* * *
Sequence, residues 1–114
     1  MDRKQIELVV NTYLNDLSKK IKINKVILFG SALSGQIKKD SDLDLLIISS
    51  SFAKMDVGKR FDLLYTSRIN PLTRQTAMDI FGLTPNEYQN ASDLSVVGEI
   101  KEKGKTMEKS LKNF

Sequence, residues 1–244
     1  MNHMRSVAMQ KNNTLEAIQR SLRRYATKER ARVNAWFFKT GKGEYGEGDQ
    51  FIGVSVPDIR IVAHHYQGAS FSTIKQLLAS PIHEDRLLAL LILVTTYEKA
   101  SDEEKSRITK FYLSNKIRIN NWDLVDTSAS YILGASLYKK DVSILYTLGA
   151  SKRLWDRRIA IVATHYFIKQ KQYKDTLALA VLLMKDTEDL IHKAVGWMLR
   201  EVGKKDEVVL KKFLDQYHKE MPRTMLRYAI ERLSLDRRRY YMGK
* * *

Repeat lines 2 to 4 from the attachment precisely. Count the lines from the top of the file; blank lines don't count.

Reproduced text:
     1  MDRKQIELVV NTYLNDLSKK IKINKVILFG SALSGQIKKD SDLDLLIISS
    51  SFAKMDVGKR FDLLYTSRIN PLTRQTAMDI FGLTPNEYQN ASDLSVVGEI
   101  KEKGKTMEKS LKNF